Trump US President's accusers urge Congress to probe sexual harassment claims

Three women who claim they were sexually harassed by Donald Trump called on the US Congress Monday to investigate the president's behavior and allegations of his misconduct.

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Accusers Jessica Leeds (left) and Samantha Holvey want President Donald Trump's past sexual misconduct allegations investigated by Congress play

Accusers Jessica Leeds (left) and Samantha Holvey want President Donald Trump's past sexual misconduct allegations investigated by Congress

(GETTY IMAGES NORTH AMERICA/AFP)
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Three women who claim they were sexually harassed by Donald Trump called on the US Congress Monday to investigate the president's behavior and allegations of his misconduct.

The White House has repeatedly rejected the allegations by the three women, who first came forward with claims of harassment during last year's presidential race.

Rachel Crooks, who claims the real estate magnate forcibly kissed her on the mouth after she introduced herself to him at Trump Tower in 2005, urged lawmakers to "put aside their party affiliations and investigate Mr. Trump's history of sexual misconduct."

"I want to believe that as Americans we can put aside our political inclinations and admit that some things in fact do transcend politics," she told a forum in New York, where she appeared alongside fellow accusers Jessica Leeds and Samantha Holvey.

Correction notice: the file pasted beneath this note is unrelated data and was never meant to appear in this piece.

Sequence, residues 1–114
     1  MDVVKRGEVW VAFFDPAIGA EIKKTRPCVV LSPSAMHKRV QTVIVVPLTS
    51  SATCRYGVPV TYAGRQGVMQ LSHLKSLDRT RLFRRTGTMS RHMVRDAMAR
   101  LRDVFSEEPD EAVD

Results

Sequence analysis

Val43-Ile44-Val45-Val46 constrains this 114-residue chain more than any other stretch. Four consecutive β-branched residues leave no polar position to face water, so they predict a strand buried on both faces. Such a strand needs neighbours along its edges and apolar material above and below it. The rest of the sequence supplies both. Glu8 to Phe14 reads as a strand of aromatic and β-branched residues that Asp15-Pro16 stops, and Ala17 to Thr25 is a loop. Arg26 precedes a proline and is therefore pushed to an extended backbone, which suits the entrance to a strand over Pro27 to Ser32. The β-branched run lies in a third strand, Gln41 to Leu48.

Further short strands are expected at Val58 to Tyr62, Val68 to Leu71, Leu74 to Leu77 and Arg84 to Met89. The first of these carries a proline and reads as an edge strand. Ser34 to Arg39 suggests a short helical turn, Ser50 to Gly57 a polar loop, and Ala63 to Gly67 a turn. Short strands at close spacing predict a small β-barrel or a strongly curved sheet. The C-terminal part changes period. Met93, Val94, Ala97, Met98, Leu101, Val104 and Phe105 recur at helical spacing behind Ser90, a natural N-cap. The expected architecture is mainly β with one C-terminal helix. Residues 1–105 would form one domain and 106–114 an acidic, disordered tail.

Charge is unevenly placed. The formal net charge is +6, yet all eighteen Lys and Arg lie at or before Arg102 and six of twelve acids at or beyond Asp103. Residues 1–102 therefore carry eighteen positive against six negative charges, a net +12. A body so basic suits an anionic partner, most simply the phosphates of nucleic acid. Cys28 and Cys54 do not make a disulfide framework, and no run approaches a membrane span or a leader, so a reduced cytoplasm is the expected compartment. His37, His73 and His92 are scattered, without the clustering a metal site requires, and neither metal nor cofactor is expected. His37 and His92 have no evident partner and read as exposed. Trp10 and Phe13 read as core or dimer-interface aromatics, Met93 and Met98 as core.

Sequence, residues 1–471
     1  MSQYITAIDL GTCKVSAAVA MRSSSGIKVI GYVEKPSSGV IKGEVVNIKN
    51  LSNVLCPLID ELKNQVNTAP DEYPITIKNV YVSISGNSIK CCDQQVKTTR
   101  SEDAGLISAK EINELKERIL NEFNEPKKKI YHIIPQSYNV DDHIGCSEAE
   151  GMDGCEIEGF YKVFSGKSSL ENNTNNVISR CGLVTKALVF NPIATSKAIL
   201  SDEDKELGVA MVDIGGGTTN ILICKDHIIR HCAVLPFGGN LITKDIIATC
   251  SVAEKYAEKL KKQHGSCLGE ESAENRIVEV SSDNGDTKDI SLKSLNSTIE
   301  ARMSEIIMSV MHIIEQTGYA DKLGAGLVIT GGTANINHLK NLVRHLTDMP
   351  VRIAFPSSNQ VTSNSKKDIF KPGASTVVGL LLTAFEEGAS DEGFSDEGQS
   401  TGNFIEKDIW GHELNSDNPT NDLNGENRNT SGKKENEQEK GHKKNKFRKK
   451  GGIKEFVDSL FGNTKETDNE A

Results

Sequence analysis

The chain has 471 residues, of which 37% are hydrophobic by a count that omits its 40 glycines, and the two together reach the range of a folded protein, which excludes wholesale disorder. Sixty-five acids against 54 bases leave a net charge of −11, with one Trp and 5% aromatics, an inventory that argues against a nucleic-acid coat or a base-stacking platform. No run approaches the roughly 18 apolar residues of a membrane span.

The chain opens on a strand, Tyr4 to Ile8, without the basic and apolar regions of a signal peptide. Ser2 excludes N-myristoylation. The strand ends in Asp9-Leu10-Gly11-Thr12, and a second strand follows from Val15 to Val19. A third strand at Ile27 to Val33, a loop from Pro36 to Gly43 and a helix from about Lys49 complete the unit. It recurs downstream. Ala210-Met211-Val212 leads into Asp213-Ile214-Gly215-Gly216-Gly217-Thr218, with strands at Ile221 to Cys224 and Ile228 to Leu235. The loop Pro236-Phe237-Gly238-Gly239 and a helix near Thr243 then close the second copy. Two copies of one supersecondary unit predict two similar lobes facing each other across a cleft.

Leeds said the accusations that have surfaced in the wake of the allegations against disgraced Hollywood film mogul Harvey Weinstein was evidence that some sexual predators were now being held accountable.

"But we are not holding our president accountable for what he is and who he is," she told the forum.

Crooks voiced hope "that we will hold Mr Trump to the same standard of Harvey Weinstein and the other men who were held accountable for their reprehensible behavior."

Leeds says she was groped by Trump on a commercial flight, while Holvey alleges Trump behaved inappropriately when she was a contestant in his Miss USA pageant, by coming backstage as she and others were in states of undress.

The White House swiftly dismissed as "false" the claims by the three women, who also appeared on national television NBC earlier Monday to share their stories more than a year after they first came forward.

"These false claims, totally disputed in most cases by eyewitness accounts, were addressed at length during last year's campaign, and the American people voiced their judgment by delivering a decisive victory," a White House spokesperson said.

"The timing and absurdity of these false claims speaks volumes and the publicity tour that has begun only further confirms the political motives behind them."

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